A yandere character is often depicted as having a split personality or suffering from some form of mental illness that causes them to become obsessive and violent towards their love interest. They can be very sweet and caring one moment, and then suddenly become jealous and aggressive when they feel their love is being threatened. They may resort to stalking, manipulation, and even violence to keep their love interest close to them.
They are also known for being even more violent and dangerous to those that they view as competition to the person they are infatuated with. Often times this results in them plotting to “eliminate” their competition, either by getting them to fall out of love with the person, getting their target to not like them, or through more insidious means like kidnapping or even murder.
Yanderes are more often than not female characters but it’s not exclusive as there are examples of males in this archetype that we will get into in a bit.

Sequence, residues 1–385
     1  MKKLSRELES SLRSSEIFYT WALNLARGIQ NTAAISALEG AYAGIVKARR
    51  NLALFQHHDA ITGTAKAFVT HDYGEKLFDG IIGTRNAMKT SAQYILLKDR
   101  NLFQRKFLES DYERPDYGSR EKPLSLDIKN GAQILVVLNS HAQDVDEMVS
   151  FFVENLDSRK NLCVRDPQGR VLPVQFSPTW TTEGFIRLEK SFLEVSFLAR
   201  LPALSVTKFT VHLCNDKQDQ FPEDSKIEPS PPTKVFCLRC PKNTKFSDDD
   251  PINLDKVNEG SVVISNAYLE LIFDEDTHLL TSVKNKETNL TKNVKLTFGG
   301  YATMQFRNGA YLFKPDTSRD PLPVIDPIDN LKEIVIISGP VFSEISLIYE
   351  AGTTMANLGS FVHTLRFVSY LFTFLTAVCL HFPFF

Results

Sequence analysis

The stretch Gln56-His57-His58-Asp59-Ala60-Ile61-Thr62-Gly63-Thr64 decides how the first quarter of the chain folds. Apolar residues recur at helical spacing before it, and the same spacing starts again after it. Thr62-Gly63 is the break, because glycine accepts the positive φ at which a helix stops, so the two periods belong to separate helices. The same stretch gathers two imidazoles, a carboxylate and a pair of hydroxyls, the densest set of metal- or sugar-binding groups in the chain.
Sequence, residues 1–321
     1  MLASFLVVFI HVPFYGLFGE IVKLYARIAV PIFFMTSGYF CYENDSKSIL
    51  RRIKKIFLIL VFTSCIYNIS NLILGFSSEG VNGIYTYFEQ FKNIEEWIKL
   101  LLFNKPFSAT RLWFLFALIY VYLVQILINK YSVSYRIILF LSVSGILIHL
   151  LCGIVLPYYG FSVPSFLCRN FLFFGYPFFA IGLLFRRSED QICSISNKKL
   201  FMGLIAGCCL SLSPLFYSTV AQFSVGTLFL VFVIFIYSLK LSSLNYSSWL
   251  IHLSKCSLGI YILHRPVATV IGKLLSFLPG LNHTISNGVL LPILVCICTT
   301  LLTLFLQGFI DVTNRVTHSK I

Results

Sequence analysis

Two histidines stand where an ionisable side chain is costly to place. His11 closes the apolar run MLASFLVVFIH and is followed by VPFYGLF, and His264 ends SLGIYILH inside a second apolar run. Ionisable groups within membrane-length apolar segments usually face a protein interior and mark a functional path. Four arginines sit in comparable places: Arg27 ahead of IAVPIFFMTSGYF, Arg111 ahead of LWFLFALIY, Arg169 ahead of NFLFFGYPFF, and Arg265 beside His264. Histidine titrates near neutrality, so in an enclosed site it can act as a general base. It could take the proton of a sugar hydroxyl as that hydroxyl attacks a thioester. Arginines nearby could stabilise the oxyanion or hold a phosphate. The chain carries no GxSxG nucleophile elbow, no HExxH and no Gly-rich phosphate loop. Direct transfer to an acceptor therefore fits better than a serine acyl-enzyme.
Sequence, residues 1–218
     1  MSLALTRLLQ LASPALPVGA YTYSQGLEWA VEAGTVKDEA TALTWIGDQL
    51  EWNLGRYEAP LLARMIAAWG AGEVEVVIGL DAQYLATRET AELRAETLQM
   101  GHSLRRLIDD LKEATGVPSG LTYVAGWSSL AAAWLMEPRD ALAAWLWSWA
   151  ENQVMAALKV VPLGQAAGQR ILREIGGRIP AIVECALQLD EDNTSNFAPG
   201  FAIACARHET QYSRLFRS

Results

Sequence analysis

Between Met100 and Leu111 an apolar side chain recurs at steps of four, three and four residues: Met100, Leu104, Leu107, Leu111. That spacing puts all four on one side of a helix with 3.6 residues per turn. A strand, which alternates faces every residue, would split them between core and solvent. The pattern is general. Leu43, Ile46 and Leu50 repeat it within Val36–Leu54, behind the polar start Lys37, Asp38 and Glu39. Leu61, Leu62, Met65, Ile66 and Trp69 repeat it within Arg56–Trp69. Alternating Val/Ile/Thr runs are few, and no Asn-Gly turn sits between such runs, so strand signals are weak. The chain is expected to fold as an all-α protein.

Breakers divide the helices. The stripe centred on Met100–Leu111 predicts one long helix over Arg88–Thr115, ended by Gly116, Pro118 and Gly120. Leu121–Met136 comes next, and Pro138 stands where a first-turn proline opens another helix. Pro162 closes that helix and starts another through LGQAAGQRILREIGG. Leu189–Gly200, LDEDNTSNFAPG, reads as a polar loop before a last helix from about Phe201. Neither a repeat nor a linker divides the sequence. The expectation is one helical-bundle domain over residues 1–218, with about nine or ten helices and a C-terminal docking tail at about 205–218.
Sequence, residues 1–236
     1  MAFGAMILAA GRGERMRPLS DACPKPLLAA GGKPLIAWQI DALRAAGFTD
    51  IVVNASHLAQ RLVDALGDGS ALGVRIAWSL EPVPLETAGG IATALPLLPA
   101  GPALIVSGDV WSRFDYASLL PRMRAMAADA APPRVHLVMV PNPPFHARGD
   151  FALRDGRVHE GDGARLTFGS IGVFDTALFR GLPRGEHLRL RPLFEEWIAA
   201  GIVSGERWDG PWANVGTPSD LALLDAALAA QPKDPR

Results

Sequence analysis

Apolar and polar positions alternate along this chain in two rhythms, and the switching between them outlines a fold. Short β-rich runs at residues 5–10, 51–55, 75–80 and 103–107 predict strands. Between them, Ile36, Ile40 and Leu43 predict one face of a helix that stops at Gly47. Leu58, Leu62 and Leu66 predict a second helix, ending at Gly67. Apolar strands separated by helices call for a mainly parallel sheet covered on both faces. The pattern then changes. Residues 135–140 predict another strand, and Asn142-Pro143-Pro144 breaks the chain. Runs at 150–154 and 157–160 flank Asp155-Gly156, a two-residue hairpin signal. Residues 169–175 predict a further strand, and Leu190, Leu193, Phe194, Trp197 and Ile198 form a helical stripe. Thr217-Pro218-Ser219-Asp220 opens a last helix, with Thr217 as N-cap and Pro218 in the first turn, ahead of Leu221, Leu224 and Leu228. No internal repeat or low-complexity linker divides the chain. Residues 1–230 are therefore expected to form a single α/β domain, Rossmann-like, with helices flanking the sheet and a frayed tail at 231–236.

Use of Yandere as a Trope in Japanese Anime
Yandere characters are often used to create a sense of tension and drama in a story. Yandere characters can be seen as both cute and scary at the same time, which makes them interesting to watch.
One of the reasons yandere characters are so popular is because they represent a type of love that is all-consuming and extreme. They are willing to do anything to protect and possess their love interest, which can make for a very dramatic plot.